Nucleus Colony Versus Beekeeping Package
Honey bee queen inside cage.
When beekeepers, both new and experienced, are making plans for starting new colonies, one of
the key decisions is whether to use a Nucleus Colony (NUC) or a Package of bees.
A Nucleus Colony has long predominated as the most popular way to get bees among hobbyists
for their ease of installation and quick build-up. Since you are adding frames of brood
and food upon installation, it is true that nucs provide a head start on the season.
There are, however, some downsides to introducing brood into your hive. Read on to learn the
advantages and disadvantages of both Nucs and Packages.
A nucleus colony is just a very small colony of
a few thousand bees and a queen. A beekeeper can find many ways to use a nuc.
A nucleus colony, more commonly known as a “NUC” is one of the easiest ways for novice beekeepers
to start a colony in a new hive.
NUC boxes, the structures that hold a nucleus colony, come in all shapes and sizes. Usually
you see five-frame deep boxes, but they also come designed to hold medium frames. The
width varies too. I have seen two-, four-, five-, and seven-frame nucs, both single story and
double story. One of my favorite nucs is a standard-size deep box with three dividers that
gives you four two-frame sections, each with its own entrance. Or you can remove one or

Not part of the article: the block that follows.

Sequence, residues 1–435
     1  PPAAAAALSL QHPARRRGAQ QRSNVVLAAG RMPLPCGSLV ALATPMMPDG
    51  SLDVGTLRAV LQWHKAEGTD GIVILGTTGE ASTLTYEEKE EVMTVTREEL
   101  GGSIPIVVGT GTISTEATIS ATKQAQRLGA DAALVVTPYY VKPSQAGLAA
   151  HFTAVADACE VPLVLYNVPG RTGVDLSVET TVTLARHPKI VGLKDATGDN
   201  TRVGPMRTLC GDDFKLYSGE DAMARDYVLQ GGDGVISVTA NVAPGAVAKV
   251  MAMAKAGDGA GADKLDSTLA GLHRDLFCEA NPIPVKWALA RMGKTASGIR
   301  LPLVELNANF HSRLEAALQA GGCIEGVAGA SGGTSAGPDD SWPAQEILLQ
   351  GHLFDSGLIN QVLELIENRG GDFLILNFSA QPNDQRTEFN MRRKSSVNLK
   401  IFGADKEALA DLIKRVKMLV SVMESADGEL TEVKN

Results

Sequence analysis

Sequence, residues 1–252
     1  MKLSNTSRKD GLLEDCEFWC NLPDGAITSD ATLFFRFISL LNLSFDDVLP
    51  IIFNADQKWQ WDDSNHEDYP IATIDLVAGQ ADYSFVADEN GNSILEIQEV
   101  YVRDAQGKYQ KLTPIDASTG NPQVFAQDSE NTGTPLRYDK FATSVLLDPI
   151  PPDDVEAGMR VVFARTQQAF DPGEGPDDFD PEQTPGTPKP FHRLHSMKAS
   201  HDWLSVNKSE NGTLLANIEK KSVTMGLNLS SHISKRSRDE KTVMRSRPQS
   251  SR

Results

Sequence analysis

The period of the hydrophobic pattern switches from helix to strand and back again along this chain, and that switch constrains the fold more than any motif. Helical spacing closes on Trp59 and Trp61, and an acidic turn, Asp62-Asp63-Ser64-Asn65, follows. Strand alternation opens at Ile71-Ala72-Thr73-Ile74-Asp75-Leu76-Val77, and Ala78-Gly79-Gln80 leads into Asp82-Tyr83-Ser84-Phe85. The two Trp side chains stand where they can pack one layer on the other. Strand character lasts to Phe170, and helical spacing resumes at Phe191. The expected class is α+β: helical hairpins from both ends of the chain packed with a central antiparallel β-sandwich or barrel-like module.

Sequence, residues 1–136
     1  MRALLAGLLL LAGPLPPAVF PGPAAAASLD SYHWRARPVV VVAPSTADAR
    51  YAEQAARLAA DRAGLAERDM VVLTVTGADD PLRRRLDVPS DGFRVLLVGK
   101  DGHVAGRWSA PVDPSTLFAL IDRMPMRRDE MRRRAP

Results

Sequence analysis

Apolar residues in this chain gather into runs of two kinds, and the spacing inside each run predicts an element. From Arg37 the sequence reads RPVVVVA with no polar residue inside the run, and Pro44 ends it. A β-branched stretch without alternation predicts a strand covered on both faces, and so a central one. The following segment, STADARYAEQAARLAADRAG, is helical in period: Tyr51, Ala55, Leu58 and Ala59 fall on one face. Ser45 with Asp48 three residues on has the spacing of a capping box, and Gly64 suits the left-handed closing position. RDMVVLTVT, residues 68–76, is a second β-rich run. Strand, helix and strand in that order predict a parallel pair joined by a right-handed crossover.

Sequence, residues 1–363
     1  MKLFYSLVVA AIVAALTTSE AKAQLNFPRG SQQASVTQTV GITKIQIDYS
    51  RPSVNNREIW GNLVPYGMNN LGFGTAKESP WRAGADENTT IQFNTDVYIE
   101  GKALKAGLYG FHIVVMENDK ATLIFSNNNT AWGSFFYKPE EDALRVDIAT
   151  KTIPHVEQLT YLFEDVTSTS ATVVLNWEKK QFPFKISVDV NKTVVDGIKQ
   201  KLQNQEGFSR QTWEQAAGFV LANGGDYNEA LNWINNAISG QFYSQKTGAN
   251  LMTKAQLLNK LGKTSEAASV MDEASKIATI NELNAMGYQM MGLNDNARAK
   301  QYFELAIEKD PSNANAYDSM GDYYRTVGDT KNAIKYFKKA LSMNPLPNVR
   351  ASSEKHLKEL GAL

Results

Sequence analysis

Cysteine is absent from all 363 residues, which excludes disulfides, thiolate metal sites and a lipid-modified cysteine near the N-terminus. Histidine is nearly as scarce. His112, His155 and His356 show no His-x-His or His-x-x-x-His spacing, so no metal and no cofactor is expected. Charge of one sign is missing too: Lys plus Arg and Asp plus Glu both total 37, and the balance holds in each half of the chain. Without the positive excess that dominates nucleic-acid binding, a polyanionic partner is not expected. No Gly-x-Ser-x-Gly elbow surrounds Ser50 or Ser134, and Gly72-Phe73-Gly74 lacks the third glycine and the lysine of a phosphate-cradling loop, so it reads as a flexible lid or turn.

more of the dividers to make bigger sections.
Honey bee nucleus colony.
Recommended for novice beekeepers. You are able to get your bee colony up and
running more quickly with a Nuc.
If one of your hives goes queen-less, you have another queen ready to go. If you wait
for your colony to re-queen itself, the population will drop such that you won’t get any
surplus honey for that year.
You can re-queen at times of the year when queens are unavailable to purchase.
You can use the bees in a NUC to boost populations of a weak hive. If you don’t want to
re-queen, you can just transfer some of the frames from your NUC into the weak hive.
Having an empty NUC box on hand is useful for catching swarms or removing extra
bees from an overcrowded colony.
If you are a first-time beekeeper, evaluating a NUC upon installation can be confusing.
Evaluating NUC quality is a practiced skill, and you’ll need to make sure your hive is
queen right and of a quality that won’t shoot you in the foot later in the season (healthy
brood pattern, decent population, no signs of mite activity, etc.).
It is significantly easier to evaluate the quality of a bee package; a caged queen is easy
to locate to make sure she is alive and well, and the weight/number of workers in the
package is a much simpler signifier of quality.
More importantly, it is an unfortunate reality that we are now beekeeping in the age of
varroa mites. These sneaky little parasites will be concealed (and actively reproducing)
within brood cells. And yes, if you’re getting a NUC from a large-scale bee producer, it will
have a measurable mite population present. On top of that, treating mites in their reproductive